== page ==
EEOC had challenged Colgate's calculations, not as to accuracy, but as to method. While Colgate's calculation used average figures, EEOC proposed an earnings figure roughly midway between the average and the amounts actually received by Stephen Frenda ("Frenda") who in fact was promoted to become Philadelphia District Manager. Aside from citing the general proposition that uncertainties in this area be resolved against the discriminating employer, Cohen v. West Haven Bd. of Police Commissioners, 638 F.2d 496, 502 (2d Cir. 1980), EEOC v. Enterprise Association Steamfitters, 542 F.2d 579, 587 (2d Cir. 1976), EEOC offers no reasoned basis for using its above-average figure. Obviously no empirical evidence was offered which could be said to demonstrate that Burke's performance would have equalled Frenda's. Consequently, the average figures used by Colgate will be adopted.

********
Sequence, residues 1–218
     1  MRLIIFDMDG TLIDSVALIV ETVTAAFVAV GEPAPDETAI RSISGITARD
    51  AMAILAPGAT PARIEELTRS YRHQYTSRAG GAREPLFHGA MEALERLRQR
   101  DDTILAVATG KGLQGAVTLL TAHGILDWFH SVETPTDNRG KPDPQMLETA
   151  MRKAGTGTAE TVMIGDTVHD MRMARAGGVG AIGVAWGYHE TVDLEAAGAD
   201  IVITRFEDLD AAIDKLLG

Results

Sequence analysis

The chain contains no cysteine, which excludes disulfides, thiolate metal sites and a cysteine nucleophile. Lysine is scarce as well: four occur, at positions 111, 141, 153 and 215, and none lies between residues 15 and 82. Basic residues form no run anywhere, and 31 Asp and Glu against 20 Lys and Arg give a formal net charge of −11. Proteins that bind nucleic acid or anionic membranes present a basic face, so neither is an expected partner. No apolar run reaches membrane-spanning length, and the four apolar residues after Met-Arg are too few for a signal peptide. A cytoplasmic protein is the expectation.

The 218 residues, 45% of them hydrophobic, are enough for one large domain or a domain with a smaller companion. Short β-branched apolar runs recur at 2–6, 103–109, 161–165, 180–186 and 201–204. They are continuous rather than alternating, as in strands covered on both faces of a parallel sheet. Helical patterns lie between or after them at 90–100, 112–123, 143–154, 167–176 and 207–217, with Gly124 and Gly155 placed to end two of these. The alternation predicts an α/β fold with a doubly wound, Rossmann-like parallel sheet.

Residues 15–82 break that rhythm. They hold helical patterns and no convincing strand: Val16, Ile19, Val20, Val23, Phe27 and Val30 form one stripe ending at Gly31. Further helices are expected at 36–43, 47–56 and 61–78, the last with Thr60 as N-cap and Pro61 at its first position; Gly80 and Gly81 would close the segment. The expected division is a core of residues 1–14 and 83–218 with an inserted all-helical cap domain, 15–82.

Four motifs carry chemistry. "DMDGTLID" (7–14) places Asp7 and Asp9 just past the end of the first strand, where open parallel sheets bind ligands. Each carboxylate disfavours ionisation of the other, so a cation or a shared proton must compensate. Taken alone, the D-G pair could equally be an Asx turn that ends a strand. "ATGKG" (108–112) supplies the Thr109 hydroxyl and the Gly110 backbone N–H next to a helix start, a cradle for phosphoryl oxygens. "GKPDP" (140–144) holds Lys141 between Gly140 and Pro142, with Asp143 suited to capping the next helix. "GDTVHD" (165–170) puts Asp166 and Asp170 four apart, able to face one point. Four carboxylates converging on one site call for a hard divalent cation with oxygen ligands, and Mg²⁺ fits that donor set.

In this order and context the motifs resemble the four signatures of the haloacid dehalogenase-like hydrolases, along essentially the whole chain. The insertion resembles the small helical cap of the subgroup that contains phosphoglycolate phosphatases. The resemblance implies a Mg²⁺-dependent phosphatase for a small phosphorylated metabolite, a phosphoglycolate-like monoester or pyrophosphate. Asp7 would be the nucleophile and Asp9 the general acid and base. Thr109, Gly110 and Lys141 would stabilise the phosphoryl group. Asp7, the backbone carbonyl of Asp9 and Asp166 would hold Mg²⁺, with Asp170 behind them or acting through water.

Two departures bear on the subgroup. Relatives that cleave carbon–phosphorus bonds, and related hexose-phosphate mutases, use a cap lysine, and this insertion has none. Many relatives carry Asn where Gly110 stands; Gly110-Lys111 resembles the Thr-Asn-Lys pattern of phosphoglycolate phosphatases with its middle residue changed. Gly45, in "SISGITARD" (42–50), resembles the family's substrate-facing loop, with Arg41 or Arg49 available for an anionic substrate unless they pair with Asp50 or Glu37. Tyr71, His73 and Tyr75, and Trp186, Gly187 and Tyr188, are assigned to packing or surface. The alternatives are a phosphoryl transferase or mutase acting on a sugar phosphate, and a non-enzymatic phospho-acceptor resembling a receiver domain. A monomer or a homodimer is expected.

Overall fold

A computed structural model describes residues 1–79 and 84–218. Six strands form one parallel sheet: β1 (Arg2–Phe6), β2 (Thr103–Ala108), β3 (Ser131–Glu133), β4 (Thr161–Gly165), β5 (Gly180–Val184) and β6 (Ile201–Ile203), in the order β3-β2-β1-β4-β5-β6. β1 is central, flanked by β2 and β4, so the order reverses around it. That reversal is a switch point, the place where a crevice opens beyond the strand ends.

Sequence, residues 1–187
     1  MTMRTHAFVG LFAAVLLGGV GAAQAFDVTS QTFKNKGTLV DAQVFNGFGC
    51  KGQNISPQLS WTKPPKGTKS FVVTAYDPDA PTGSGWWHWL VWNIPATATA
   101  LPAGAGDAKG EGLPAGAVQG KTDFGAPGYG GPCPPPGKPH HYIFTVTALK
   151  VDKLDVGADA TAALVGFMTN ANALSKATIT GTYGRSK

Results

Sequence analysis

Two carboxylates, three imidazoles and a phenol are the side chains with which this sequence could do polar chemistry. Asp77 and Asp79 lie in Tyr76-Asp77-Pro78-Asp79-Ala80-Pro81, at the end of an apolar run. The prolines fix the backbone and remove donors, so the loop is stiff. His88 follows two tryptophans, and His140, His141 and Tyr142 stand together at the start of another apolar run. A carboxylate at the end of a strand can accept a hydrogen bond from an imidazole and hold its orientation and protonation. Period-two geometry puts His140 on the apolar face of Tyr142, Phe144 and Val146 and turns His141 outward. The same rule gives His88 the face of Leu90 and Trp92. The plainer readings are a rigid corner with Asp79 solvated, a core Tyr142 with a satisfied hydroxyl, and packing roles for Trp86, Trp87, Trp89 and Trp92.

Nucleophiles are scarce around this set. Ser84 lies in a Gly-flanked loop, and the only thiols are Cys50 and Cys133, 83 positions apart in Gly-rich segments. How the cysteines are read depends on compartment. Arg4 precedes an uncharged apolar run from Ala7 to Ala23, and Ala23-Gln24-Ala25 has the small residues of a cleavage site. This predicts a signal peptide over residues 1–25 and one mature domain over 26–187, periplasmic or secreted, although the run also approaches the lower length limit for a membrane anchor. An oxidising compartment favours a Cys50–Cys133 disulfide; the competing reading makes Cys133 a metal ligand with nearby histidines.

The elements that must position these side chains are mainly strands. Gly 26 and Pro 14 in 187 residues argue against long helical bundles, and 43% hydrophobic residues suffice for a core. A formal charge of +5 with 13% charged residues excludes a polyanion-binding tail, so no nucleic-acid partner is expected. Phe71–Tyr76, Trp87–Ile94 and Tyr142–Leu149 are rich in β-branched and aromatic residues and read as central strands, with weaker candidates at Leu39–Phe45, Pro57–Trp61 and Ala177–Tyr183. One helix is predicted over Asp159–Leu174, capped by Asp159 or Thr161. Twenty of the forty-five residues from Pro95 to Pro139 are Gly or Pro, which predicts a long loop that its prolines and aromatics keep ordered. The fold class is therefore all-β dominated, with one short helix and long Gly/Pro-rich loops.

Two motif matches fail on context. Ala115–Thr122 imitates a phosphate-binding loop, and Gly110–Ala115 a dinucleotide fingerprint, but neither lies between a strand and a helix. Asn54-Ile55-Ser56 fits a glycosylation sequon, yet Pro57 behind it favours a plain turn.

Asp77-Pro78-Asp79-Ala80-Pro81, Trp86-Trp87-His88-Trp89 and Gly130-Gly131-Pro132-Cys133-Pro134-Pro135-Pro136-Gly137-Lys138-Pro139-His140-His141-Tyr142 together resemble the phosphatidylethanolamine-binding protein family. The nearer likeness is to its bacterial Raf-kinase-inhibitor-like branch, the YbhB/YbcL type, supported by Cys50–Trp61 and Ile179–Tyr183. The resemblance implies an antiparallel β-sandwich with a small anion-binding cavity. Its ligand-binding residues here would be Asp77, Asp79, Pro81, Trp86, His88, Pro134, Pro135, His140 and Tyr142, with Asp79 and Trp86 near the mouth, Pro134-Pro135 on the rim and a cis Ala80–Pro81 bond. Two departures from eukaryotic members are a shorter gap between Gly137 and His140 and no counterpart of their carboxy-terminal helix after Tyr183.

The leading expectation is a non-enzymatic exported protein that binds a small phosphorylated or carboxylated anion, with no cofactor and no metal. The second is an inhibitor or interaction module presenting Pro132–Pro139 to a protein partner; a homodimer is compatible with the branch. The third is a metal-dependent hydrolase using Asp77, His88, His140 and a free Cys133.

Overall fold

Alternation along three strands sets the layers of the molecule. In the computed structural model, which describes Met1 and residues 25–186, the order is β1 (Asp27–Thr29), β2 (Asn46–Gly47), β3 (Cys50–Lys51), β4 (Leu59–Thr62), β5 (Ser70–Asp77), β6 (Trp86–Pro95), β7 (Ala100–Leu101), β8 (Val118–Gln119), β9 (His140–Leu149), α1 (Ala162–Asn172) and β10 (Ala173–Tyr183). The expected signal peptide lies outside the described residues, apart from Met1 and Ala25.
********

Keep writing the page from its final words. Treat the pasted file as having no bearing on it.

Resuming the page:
Since there will be no injunction requiring Colgate to promote Burke at the expense of an existing District Manager, Patterson v. American Tobacco Co., 535 F.2d 257, 268-69 (4th Cir.). cert. denied, 429 U.S. 920, 50 L. Ed. 2d 286, 97 S. Ct. 314, 97 S. Ct. 315 (1976), it is appropriate to consider what EEOC refers to as "front pay," that is, the continuation of pay at a determined level in the event the reinstatement is not possible. See, Whittlesey v. Union Carbide Corp., 742 F.2d 724, 727 (2d Cir. 1984). In Whitlesey, in lieu of reinstatement resulting from an unlawful compulsory retirement, the discriminatee was entitled to continued receipt of his pay as if reinstatement had occurred. Similarly, in order to be compensated fully for the discrimination, Burke is entitled not only to damages up to the entry of judgment, but also to front pay until found qualified for promotion as district manager or equivalent position, or disqualified for reasons other than age. Front pay will equal the differential between the actual salary earned and the salary that would have been earned with the promotion.